Who’s Been Sleeping in Your Head? The Secret World of Sexual Fantasies. By Brett Kahr. Basic Books. $28.
Despite its sensationalized title, this is a serious, even scholarly book containing some important information – although it is infected by an inevitable bias. British psychotherapist Brett Kahr’s nearly 500-page work is about the many and varied sexual fantasies that men and women have, the ways in which those fantasies reflect their inner lives and reflect on their outer ones, and the extent to which fantasies – even ones that are well outside what most people consider the normal bounds of human sexuality – may help people maintain a satisfying sex life and/or cope with traumatic events buried deeply in their pasts.
Every in-depth study of human sexuality faces significant barriers to believability, dating back to Freud’s pioneering work with disturbed and distressed people of a particular social class – from whose treatment he extrapolated a system in whose universality he firmly believed, thinking it as solid as such hard sciences as physics and chemistry. Kinsey, Masters and Johnson and other sex researchers have all based their work, of necessity, on a small subset of people willing to talk with them or act in front of them; whether these people are truly representative of a population that would not dream of discussing such matters with strangers, much less behaving sexually in a laboratory setting, is an ever-present question. So too is the question about Kahr’s methodology: this book is based on extensive interviews with people who were willing to discuss themselves and their sexual history and fantasies for many hours, in return only for contributing to this research and receiving a small fee. Therefore, by definition, the book excludes people lacking the time, interest or monetary inclination to speak with a stranger extensively about highly intimate matters. Are Kahr’s subjects nevertheless representative of the population as a whole? If so, of which population?
Kahr does not, cannot, answer this question, although he is honest enough to face it. What he can do is present, in as straightforward a manner as possible, a large number of fantasies that his subjects discussed with him – so he can search for patterns and readers can perhaps find parallels in their own fantasy lives. Kahr groups the fantasies by subject: “Ordinary Explicitness,” “Threesomes, Foursomes, and Moresomes,” celebrity and same-sex fantasies (the latter as experienced by both heterosexuals and homosexuals), exhibitionist and incestuous fantasies, and more. Much of each chapter in the earlier part of the book is taken up with frequently mundane, usually brief descriptions of a fantasy: “My other half is a fire-fighter and that always gets me going.” “Having sex with another woman/women.” “Watching another man have sex with my woman partner.” “Being caught having sex in a hotel room and the maid joining in.” “Having someone famous begging me.” There are also pointed comments by some people who ended up refusing to discuss certain subjects with Kahr after all: “I couldn’t care less about celebrities.” “Not applicable. You lot are really sad.” “I prefer real people.”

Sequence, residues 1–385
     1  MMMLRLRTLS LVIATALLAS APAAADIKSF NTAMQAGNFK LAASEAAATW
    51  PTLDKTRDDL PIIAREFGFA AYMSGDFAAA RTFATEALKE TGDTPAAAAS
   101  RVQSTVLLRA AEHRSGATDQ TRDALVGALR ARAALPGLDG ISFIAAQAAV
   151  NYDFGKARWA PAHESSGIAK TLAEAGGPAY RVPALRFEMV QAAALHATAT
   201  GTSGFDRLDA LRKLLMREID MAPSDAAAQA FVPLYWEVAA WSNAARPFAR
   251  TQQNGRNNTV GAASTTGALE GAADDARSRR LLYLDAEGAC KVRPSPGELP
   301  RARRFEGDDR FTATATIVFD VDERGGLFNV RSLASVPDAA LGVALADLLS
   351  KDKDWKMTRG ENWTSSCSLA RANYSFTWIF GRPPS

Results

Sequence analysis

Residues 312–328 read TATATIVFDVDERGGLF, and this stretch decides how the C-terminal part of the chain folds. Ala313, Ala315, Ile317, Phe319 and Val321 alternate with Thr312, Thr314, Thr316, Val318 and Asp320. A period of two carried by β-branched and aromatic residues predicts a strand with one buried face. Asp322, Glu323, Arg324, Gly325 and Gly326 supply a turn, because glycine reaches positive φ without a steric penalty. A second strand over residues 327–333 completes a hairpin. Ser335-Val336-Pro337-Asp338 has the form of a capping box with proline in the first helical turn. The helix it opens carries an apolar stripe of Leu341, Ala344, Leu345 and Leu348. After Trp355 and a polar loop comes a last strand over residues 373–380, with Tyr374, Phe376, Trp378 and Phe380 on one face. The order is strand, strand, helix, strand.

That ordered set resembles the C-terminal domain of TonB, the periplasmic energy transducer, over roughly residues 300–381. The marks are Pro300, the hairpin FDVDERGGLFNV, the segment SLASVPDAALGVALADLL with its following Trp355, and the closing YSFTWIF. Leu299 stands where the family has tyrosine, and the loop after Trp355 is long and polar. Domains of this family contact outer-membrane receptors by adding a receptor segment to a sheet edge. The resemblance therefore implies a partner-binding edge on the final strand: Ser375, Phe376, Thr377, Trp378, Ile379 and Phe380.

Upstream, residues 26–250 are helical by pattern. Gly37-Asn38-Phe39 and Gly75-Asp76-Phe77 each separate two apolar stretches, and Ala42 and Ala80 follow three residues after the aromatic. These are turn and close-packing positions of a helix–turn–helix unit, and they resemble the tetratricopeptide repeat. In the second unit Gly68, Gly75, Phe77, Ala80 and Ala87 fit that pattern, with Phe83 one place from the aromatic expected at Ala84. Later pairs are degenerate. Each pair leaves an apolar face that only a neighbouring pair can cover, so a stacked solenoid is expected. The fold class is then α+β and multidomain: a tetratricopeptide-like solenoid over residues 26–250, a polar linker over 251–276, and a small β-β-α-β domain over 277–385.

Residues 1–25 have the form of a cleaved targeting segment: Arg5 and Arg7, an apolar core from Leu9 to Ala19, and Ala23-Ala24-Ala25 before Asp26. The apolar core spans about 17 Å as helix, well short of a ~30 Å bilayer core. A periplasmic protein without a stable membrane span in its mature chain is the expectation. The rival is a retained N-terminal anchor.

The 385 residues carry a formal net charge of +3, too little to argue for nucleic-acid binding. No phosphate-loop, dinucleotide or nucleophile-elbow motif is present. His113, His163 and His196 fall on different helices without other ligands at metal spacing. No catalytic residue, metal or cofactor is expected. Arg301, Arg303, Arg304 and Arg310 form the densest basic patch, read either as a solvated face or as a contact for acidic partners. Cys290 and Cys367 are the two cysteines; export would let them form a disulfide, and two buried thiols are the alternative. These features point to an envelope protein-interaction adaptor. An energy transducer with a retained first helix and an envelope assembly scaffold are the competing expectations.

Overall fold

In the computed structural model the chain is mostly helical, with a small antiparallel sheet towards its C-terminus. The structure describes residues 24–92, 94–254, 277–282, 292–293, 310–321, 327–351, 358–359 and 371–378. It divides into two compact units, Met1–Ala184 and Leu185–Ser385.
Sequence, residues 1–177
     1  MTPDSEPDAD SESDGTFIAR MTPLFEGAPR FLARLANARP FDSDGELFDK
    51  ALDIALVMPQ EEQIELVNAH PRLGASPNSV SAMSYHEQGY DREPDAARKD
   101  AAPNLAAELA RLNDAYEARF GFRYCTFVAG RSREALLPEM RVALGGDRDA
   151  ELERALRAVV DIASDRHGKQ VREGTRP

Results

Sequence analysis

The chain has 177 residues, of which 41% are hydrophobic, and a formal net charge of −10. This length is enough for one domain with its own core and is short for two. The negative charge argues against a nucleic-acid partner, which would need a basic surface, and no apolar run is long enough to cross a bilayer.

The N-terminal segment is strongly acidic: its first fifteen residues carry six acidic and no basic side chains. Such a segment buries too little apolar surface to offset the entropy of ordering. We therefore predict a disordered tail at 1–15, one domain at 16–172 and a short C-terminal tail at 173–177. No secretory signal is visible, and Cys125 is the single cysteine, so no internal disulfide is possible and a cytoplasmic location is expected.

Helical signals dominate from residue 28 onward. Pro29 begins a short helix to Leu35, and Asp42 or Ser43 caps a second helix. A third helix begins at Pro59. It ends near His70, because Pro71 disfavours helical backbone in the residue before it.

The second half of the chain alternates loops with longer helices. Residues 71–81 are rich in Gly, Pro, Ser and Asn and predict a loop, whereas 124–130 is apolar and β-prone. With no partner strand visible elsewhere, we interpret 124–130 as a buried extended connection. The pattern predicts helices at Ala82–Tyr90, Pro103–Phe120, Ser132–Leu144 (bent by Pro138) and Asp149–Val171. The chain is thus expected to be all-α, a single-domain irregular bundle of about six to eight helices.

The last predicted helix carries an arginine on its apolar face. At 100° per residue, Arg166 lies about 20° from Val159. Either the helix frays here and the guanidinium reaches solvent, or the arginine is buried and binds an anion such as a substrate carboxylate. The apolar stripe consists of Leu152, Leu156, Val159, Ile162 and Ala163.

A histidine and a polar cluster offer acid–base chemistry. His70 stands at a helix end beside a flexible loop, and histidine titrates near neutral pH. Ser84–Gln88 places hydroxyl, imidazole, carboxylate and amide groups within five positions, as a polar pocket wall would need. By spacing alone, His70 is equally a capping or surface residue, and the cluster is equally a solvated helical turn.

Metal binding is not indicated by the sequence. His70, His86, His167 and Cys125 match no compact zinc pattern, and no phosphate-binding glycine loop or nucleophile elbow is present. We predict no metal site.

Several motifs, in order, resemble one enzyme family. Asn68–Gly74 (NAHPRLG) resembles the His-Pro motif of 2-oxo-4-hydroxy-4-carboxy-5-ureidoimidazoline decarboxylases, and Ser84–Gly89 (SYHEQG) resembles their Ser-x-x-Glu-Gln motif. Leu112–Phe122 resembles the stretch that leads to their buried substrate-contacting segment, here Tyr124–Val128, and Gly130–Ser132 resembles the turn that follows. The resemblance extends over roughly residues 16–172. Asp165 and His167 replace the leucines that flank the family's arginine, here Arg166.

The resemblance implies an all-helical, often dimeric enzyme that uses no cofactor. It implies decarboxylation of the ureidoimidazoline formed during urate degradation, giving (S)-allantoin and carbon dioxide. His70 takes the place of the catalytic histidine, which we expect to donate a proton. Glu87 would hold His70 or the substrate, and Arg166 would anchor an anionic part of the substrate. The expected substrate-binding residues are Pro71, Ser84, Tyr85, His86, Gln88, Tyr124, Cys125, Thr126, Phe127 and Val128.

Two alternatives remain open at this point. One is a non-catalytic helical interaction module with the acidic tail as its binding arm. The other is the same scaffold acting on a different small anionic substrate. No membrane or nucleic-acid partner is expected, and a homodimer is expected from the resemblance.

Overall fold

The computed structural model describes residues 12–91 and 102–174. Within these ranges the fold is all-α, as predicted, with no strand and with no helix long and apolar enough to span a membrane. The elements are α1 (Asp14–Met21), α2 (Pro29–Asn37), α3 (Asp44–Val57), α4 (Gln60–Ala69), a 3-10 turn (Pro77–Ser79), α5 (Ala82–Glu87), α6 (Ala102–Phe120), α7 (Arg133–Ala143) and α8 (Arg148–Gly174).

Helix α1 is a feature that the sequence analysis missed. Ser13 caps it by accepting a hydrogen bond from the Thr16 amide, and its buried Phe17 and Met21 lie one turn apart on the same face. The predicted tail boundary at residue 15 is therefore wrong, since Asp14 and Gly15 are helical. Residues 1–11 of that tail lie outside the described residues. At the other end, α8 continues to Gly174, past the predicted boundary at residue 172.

Interspersed with the one-or-a-few-liners are more elaborate fantasies that Kahr quotes at some length, sometimes to analyze them and sometimes just to show how extensively certain people answered his questions (whose quality readers can judge for themselves: Kahr’s written questionnaire is offered as an appendix). Most of Kahr’s analysis is in the latter part of the book, where he discusses the traumatic roots of sexual fantasy and the question of whether, psychologically speaking, fantasies can ever be trauma-free. He also discusses whether fantasies enhance or harm relationships – and if so, how. All this is quite a lot to absorb, and much of it is anything but sexy – although readers who share particular fantasies with participants in Kahr’s project will certainly discover some kindred spirits here. Kahr, to his credit, does not try to create an entire new theory of sexuality or a generalized idea about human sexual behavior on the basis of the fantasies revealed to him. He does, however, show quite clearly that sexual fantasies of many types are extremely widespread; that they frequently explore personality areas that people do not express in their real-world sexual relationships; and that many, if not all, constitute positive, arousing reinterpretations of traumatic events of which people may be only dimly aware. “The data I have collected suggest that we may have less conscious control over our fantasies and sexual predilections than we would wish to believe,” Kahr writes. But he is, of course, a trained analyst, who expects to see conscious expressions of unconscious wishes in all aspects of human behavior. Does this make his analysis unacceptably biased – or does it give him far more insight than is possessed by other researchers into aspects of human sexuality? There is no “right” answer to that question, nor is there any obviously “right” way to interpret the many fantasies in which we as sexual beings indulge. Kahr deserves a great deal of credit for venturing so deeply into this field, even if what he has found out about the fantasizing of his subjects is, in the end, more exhaustive than definitive.